Three third and fourth grade students from the Kennedy-Longfellow School spent a Saturday in early June participating in the Boston Public Schools (BPS) Robotics Olympics. Not only were they amongst the youngest students there, they were also honored to be the only team representing the Cambridge Public Schools.
Based on year’s theme, “Unchartered Territory: Explorers and Pioneers”, the team of three chose to create a robotic rover to compete in the “Space Exploration” challenge. The robot (which had to fit within the size of an 8.5×11″ piece of paper) was tasked with carrying various space equipment (Lego pieces) from earth (a white sheet of paper) and dropping them into the space station (a roll of duct tape).
Before the competition, the team undertook an organic engineering design process – beginning with brainstorming an initial model that had some serious structural integrity issues. After several iterations, their rover was structurally sound enough to begin programming using the Mindstorm software. They quickly realized, however, that the structure had to be reworked many times as they endeavored to make successful missions between earth and the space station. Touch and light sensors were added and also adjusted numerous times to tweak the robot’s performance. Finally, during the last minutes of the last practice runs, they reached several successful equipment deliveries and pride was beaming.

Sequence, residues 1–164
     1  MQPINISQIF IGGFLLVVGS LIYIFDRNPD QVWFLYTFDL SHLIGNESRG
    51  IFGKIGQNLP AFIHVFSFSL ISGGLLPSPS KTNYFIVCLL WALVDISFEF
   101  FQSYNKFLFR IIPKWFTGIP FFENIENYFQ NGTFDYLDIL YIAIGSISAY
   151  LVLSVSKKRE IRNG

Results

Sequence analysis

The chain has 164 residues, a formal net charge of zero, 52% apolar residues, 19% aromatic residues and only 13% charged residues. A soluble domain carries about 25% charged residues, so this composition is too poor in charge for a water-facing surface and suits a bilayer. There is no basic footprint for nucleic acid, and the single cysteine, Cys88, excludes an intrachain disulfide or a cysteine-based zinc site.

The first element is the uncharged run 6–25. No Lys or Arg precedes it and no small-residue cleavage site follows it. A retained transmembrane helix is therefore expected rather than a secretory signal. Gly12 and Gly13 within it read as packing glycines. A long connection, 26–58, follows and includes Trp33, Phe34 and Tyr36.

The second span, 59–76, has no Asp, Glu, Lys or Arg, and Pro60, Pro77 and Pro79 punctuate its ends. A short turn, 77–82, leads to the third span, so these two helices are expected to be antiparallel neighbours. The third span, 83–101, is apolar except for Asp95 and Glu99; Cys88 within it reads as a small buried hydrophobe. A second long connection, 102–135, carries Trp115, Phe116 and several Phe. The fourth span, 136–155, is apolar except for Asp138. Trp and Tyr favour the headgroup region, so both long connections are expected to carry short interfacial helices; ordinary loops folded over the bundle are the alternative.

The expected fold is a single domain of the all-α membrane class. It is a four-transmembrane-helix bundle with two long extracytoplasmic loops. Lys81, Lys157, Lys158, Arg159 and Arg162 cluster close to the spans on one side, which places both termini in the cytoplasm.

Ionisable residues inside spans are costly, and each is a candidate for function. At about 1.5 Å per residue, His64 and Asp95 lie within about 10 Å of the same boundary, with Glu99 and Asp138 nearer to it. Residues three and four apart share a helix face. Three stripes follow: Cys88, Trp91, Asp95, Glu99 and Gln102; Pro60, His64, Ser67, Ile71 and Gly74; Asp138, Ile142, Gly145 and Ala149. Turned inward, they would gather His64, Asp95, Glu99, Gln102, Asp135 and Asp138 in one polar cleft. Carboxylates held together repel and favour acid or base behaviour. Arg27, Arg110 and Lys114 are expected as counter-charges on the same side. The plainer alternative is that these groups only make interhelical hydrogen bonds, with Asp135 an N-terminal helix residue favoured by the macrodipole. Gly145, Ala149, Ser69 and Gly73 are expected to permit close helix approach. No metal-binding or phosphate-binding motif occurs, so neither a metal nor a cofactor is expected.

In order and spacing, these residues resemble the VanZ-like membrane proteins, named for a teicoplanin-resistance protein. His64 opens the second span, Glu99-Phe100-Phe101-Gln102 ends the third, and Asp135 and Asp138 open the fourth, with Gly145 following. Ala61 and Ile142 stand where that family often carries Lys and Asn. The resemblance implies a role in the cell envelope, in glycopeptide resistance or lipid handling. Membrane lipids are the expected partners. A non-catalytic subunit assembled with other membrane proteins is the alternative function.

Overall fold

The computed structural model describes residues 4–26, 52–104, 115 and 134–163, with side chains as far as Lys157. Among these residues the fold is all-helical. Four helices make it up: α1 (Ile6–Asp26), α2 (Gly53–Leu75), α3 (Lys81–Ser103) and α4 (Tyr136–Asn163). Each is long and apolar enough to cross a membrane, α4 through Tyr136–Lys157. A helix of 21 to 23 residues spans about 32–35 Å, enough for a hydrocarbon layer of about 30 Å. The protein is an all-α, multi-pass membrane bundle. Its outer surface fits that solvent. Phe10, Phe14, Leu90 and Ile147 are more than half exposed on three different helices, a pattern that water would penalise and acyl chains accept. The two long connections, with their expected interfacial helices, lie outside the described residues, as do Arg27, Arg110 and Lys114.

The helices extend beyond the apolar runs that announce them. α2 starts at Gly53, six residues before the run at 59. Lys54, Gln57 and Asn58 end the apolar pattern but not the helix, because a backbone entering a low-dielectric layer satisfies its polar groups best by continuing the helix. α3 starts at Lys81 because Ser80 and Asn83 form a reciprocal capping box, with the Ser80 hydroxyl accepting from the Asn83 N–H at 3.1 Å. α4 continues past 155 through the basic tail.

The scene at the Boston Robotics Olympics, held at Wentworth Institute of Technology, was bustling with BeeBot robots, Lego WeDo catapults, EV3 Iditerod sleds, mystery mazes, and more. Categories were spread throughout the day, and the team enjoyed a mix of viewing the other competitions and refining their design/program based on the actual course. Once their competition was underway, the different teams took turns running their missions. Adrenaline and excitement were high as the K-Lo rover made it’s passes, with only a few pieces of equipment falling outside the space station. Overall, the K-Lo team scored 56 points out of a possible 100 – an extraordinary achievement in collaboration, engineering, problem solving, and programming.
Congratulations to these three extraordinary students!